Exposure to environmental tobacco smoke and sensitisation in children.
ABSTRACT Exposure to environmental tobacco smoke (ETS) increases the risk of respiratory illness in children but data are inconclusive regarding the risk of IgE sensitisation.
To elucidate whether exposure to smoking prenatally and/or postnatally is related to IgE sensitisation in children at 4 years of age.
As part of a prospective birth cohort study (BAMSE), a total of 4089 families with children answered questionnaires when the child was 2 months, 1, 2 and 4 years old on environmental factors and symptoms of allergic disease. Blood collected at age 4 years from 2614 children was analysed for IgE antibodies to common inhalant and food allergens. Odds ratios (OR) and 95% confidence intervals (CI) were calculated using logistic regression with adjustments for potential confounders.
There was no evident association between maternal smoking during pregnancy and risk of IgE sensitisation. In contrast, a dose-response effect was found for exposure to ETS from parental smoking during the first few months of life and IgE sensitisation. There was an increased risk of sensitisation to inhalant and/or food allergens (OR(adj) 1.28 (95% CI 1.01 to 1.62)) among children exposed to ETS at 2 months of age. The risk appeared particularly elevated for indoor inhalant allergens, such as cat (OR(adj) 1.96 (95% CI 1.28 to 2.99)) and for food allergens (OR(adj) 1.46 (95% CI 1.11 to 1.93)). The IgE sensitising effect of ETS seemed to be confined to infants of parents without allergic diseases and to ETS exposure during early infancy.
Our data indicate that exposure in early infancy to ETS increases the risk of IgE sensitisation to indoor inhalant and food allergens.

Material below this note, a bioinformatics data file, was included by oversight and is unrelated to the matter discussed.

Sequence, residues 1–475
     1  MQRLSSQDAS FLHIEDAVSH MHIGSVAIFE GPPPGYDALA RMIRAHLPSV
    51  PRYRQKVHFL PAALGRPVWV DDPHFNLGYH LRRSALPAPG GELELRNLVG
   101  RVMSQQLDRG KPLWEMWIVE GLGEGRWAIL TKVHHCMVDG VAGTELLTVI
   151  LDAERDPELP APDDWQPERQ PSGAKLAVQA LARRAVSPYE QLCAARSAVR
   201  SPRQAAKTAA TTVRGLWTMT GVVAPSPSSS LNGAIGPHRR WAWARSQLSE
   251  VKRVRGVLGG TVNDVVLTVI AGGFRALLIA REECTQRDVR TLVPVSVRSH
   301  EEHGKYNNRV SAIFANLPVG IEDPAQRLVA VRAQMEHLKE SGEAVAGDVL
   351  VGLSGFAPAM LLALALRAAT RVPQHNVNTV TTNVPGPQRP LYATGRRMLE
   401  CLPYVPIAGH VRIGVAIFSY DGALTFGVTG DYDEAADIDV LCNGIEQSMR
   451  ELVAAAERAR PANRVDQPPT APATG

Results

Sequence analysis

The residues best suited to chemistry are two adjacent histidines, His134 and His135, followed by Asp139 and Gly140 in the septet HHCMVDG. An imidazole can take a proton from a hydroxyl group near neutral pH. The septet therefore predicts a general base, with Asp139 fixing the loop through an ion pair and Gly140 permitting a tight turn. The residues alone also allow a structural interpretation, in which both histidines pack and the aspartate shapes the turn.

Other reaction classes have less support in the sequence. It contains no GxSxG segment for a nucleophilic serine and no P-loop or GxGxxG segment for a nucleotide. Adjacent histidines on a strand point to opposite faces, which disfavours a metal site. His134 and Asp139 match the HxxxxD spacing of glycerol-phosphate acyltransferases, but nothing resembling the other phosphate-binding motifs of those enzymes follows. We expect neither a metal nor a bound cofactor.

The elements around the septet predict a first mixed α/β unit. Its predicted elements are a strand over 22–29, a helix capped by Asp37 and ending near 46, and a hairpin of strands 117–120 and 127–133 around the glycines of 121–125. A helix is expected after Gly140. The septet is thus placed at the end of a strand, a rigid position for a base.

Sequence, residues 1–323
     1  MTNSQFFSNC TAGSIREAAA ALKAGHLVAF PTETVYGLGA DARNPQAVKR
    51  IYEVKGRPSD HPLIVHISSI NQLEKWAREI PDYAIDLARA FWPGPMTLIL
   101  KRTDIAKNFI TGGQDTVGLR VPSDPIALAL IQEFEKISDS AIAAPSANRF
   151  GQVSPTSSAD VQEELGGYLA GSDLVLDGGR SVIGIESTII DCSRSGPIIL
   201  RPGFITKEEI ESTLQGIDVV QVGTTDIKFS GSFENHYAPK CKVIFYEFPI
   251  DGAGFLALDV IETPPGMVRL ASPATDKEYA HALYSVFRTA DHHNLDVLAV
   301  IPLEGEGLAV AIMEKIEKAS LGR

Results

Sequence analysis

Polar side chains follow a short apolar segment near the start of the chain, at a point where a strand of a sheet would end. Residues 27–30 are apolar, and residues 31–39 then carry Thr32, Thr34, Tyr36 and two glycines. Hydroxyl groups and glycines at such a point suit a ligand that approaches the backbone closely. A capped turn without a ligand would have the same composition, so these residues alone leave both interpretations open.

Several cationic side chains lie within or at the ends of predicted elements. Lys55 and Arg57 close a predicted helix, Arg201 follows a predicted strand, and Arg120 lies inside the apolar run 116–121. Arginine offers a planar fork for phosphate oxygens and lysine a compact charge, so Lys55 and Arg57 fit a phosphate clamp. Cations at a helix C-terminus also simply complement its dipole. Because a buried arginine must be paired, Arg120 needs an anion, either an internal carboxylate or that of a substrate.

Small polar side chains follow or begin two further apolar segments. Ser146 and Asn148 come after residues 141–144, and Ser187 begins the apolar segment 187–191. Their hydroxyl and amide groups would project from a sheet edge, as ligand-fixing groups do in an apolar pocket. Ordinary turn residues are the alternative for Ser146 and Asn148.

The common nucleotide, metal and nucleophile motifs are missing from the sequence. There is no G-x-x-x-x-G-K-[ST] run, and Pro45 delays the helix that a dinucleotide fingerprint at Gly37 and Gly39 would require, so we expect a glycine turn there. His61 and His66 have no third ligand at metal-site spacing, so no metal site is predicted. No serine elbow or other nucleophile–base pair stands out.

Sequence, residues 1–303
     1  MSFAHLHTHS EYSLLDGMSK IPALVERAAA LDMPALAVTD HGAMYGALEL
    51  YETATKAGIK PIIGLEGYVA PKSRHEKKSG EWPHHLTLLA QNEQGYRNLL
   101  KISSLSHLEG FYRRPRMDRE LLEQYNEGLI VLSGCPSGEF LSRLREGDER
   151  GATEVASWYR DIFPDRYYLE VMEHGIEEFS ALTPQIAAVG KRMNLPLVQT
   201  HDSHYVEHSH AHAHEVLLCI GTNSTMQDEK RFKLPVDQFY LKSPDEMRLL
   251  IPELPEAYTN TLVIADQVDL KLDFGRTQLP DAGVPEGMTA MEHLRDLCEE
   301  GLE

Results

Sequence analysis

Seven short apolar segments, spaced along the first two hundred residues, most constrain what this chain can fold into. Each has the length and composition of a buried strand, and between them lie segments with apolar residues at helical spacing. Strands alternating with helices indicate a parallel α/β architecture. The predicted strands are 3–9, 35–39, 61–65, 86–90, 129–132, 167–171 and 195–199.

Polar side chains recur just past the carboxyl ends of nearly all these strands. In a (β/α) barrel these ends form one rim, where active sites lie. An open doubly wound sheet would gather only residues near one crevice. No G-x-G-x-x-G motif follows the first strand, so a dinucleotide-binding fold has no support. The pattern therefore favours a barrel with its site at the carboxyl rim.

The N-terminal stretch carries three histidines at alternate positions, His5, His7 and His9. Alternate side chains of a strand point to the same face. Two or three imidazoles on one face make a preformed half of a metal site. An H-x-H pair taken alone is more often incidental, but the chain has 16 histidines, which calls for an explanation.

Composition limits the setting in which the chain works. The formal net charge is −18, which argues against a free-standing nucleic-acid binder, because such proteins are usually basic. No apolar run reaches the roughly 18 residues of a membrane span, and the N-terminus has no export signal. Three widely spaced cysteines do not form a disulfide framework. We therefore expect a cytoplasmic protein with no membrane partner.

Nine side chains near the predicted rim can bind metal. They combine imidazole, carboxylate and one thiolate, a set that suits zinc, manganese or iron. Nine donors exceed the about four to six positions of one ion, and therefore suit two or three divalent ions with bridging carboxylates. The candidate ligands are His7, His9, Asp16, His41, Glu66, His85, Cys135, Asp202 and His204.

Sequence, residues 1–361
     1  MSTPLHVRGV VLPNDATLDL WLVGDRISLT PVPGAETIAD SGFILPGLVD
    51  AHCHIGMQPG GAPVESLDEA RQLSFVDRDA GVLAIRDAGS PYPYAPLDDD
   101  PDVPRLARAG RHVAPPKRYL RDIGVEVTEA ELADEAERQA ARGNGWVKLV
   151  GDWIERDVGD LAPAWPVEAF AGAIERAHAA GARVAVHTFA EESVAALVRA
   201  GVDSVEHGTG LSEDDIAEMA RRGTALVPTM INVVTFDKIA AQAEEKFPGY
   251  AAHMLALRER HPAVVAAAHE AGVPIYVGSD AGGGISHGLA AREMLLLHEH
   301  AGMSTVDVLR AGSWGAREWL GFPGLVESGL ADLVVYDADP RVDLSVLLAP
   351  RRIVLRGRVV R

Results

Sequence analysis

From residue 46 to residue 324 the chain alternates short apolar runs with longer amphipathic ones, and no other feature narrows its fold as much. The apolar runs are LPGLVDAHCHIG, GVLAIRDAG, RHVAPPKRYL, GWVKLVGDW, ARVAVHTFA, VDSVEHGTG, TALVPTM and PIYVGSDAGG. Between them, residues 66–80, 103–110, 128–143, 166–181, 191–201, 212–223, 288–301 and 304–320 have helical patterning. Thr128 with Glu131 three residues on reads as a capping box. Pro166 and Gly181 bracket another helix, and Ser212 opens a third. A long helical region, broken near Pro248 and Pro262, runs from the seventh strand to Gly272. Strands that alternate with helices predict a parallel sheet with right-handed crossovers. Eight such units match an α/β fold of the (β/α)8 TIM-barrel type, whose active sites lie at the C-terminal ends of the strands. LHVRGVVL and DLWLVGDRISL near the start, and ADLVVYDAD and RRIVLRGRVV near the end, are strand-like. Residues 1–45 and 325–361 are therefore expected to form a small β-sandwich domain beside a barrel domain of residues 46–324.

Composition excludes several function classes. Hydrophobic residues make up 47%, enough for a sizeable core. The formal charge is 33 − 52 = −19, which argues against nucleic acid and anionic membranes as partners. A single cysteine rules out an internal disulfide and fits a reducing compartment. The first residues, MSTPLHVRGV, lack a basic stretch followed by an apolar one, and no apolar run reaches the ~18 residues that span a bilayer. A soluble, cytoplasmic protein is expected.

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ABSTRACT: Atopic sensitization is a complex phenomenon that changes dynamically with age throughout childhood; its prevalence increases with age in young children. Additionally, with increasing age, the prevalence of sensitization to inhalant allergens and the prevalence of polysensitization to allergens increase. It is also well established that the development of atopic sensitization is the result of a complex interplay of genetic and environmental factors. However, there is considerable heterogeneity in the literature in terms of the effect of different environmental exposures in young children on the subsequent risk of atopic sensitization and allergic diseases. Previous studies on the relationship, in early life, between pet ownership, sex, exposure to secondhand smoke, exposure to traffic-related air pollution components, and atopic sensitization have yielded different results. Recent studies have highlighted the importance of gene-environment interactions, especially during early childhood, on the risk of subsequent atopic sensitization and allergic diseases. Therefore, pediatricians should consider the genetic and environmental determinants of atopic sensitization in infants and young children when diagnosing and treating patients with allergic diseases. Determining ways in which early exposure to these risk factors in young children may be reduced could be beneficial in preventing the likelihood of developing atopic sensitization.Korean Journal of Pediatrics 05/2014; 57(5):205-10.